Protecting the Brand Name in High-End Markets
Our first hypothesis expects brand-name companies to voluntarily introduce new product and process standards and tighten existing ones if selfregulation increases the market value of their products. This particularly holds for companies that operate in high-end markets where product prices are above average, consumer controls are tight, and companies perceive each other as competitors in the same reference market. A comparison within the automotive and the food retail sectors helps us empirically assess whether brand-name firms targeting high-end markets are more likely to compete as regards tightening regulation of products and production processes. On the side of our explanatory factors, we vary brand-name high-end market firms with non-brand-name low-end market firms by scrutinizing the aspects of product price, customer control, and perceived competitors. In order to assess the outcomes—that is, the strictness of firms’ self-regulation—we evaluate the degree of obligation of self regulation, the degree of precision, the degree to which a regulation is demanding and the scope of the regulation applied by firms. In addition, we take into account the resources allocated for the implementation of the regulation. Policies may either be developed in-house or delegated to third-party certification schemes.
Food retail sector
The food retailing sector in South Africa allows us to explore the extent to which high-end brand-name companies are likely to engage in a regulatory race to the top.
In this sector we compare food retailers that cater to different market segments, ranging from comparably high-priced market segments to those catering to the mass market. At the same time, we also compare companies with a strong brand to those with less established brands. We expect that companies catering to high-priced markets and therefore having a clear interest to protect their brand-names will also engage in higher self-regulation in terms of environmental standards. By contrast, firms catering to lower price segments will pay considerably less attention to regulating environmental impacts.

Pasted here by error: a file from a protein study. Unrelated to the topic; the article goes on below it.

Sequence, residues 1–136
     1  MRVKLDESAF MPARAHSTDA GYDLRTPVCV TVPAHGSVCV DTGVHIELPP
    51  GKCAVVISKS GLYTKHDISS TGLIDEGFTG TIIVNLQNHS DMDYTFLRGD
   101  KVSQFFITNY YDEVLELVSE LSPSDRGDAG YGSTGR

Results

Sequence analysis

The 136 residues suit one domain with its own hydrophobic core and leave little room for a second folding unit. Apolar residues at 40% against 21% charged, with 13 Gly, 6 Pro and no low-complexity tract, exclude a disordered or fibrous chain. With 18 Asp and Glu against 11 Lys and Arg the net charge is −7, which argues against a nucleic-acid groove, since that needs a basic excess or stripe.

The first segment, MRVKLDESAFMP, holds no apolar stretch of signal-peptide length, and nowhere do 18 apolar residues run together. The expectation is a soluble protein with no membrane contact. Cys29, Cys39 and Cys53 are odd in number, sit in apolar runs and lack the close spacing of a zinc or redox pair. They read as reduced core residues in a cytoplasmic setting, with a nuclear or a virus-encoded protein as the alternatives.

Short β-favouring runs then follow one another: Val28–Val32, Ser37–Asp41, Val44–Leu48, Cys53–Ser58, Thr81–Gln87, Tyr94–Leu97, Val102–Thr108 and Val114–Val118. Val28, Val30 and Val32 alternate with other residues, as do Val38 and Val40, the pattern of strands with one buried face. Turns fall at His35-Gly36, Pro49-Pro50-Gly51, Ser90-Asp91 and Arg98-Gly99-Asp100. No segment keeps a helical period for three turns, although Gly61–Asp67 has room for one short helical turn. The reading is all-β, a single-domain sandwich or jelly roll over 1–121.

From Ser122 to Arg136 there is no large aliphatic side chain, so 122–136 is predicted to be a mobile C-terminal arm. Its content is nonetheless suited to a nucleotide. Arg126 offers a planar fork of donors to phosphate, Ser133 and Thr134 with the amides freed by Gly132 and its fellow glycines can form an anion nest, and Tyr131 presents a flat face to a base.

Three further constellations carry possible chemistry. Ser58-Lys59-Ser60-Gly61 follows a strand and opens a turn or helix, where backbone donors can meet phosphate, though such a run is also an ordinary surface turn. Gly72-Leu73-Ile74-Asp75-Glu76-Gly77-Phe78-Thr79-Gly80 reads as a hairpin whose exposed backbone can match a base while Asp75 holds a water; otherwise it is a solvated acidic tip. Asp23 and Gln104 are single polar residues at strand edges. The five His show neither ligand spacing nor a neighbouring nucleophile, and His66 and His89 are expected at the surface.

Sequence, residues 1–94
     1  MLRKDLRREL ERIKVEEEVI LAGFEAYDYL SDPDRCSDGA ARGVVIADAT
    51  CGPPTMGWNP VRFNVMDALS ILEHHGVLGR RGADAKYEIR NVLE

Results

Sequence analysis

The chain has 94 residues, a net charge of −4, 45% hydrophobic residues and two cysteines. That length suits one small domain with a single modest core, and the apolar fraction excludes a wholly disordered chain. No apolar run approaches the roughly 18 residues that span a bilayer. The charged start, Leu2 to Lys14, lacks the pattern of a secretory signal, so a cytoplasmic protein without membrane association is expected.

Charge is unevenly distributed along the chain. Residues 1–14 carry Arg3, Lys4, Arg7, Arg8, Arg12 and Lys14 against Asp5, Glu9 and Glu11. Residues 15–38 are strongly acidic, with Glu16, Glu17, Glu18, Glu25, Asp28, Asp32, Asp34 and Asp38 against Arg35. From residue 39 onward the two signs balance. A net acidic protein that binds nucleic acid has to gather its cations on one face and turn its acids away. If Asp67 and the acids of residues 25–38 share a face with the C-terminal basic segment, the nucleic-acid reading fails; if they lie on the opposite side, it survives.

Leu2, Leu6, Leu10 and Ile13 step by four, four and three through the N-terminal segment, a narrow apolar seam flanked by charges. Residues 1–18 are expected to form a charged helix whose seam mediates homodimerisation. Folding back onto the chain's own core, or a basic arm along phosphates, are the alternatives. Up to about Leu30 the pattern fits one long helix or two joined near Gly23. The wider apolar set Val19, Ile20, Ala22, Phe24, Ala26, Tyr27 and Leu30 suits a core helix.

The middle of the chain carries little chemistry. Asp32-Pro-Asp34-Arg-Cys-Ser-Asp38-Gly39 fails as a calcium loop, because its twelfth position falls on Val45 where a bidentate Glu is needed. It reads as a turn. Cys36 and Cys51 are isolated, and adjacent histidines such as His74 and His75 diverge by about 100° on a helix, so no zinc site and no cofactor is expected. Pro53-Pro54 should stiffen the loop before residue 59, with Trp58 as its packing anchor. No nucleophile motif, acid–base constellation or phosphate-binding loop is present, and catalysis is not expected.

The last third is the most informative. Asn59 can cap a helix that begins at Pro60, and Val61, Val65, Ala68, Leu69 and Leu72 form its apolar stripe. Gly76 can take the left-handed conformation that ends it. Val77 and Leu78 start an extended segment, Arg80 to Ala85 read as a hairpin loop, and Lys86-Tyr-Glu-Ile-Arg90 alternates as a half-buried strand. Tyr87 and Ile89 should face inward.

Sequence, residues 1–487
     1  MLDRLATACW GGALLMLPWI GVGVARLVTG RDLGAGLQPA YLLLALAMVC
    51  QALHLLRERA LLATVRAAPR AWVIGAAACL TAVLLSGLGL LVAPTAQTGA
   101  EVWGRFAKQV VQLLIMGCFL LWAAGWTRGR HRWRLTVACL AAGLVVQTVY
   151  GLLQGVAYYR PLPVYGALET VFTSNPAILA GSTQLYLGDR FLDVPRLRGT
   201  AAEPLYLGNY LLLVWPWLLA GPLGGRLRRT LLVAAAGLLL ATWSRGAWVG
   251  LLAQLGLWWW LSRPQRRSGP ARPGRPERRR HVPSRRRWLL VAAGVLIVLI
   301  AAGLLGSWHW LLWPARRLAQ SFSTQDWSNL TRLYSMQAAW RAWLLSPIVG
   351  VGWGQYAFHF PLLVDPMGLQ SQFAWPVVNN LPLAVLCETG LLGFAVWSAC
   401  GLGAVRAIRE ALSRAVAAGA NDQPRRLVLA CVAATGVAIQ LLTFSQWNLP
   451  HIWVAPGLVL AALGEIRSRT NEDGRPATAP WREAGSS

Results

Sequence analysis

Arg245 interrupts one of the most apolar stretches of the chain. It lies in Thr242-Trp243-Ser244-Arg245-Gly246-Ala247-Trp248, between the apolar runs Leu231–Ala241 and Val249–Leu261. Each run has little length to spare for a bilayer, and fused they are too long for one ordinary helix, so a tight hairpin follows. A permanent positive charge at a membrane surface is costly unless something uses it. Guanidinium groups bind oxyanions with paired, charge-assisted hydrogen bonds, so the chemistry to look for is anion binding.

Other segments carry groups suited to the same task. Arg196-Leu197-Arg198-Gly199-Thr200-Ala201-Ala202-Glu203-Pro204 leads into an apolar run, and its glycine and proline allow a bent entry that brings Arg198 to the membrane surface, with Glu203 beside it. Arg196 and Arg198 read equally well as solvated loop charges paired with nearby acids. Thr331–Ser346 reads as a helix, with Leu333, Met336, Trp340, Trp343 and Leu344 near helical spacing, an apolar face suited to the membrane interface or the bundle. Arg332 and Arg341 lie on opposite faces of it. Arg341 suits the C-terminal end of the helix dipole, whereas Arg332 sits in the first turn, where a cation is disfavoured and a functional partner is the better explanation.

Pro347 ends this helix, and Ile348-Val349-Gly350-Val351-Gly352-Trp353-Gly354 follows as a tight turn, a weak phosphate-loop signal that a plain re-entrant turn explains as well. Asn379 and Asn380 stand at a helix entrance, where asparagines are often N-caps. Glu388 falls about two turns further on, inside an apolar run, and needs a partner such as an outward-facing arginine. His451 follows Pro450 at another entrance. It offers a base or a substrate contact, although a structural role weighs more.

Woolworths is a food retailer that mostly caters to the high-priced market segment, which amounts to about 5 to 10 percent of the South African households. In recent years, the growing black middle class, who constitutes up to 40 percent of the consumer base, has become more and more important. Woolworths has been able to achieve a premium for its products by paying higher attention to product quality and production standards; responding to an emerging demand from consumers, it has introduced self-regulation on organic food as well as ethical retail in general. In the absence of any South African legislation in this area, Woolworths is clearly viewed as the forerunner in this segment.
In order to assure the quality of its products, Woolworths employs a variety of self-regulatory measures along the food value chain, regarding the products themselves as well as packaging and transport. For example, the company has developed packaging that is easy to recycle, avoids genetically modified organisms, and decreases water usage during production. Like its other self-regulatory activities, packaging is audited against the standard set by the Global Reporting Initiative (GRI). The regulatory targets require the company to continually work with its suppliers on maintaining product quality and closely monitors adherence to internally set standards. Woolworths introduced an organic product labeling scheme in order to communicate product qualities to customers. Their organic food is strictly governed by international organic standards and independent certifying bodies. Next to enhancing the quality of its products, Woolworths also seeks to reduce the carbon footprint of its production. This is to be achieved by cutting trans?port and relative electricity usage by up to 30 percent, making carbon-neutral sourcing decisions and helping with the setup of carbon-friendly production sites. For the voluntary tightening of both product and process-regulation, the company received the Responsible Retailer of the Year award in 2008. The company’s market share grew by 25 percent in 2007.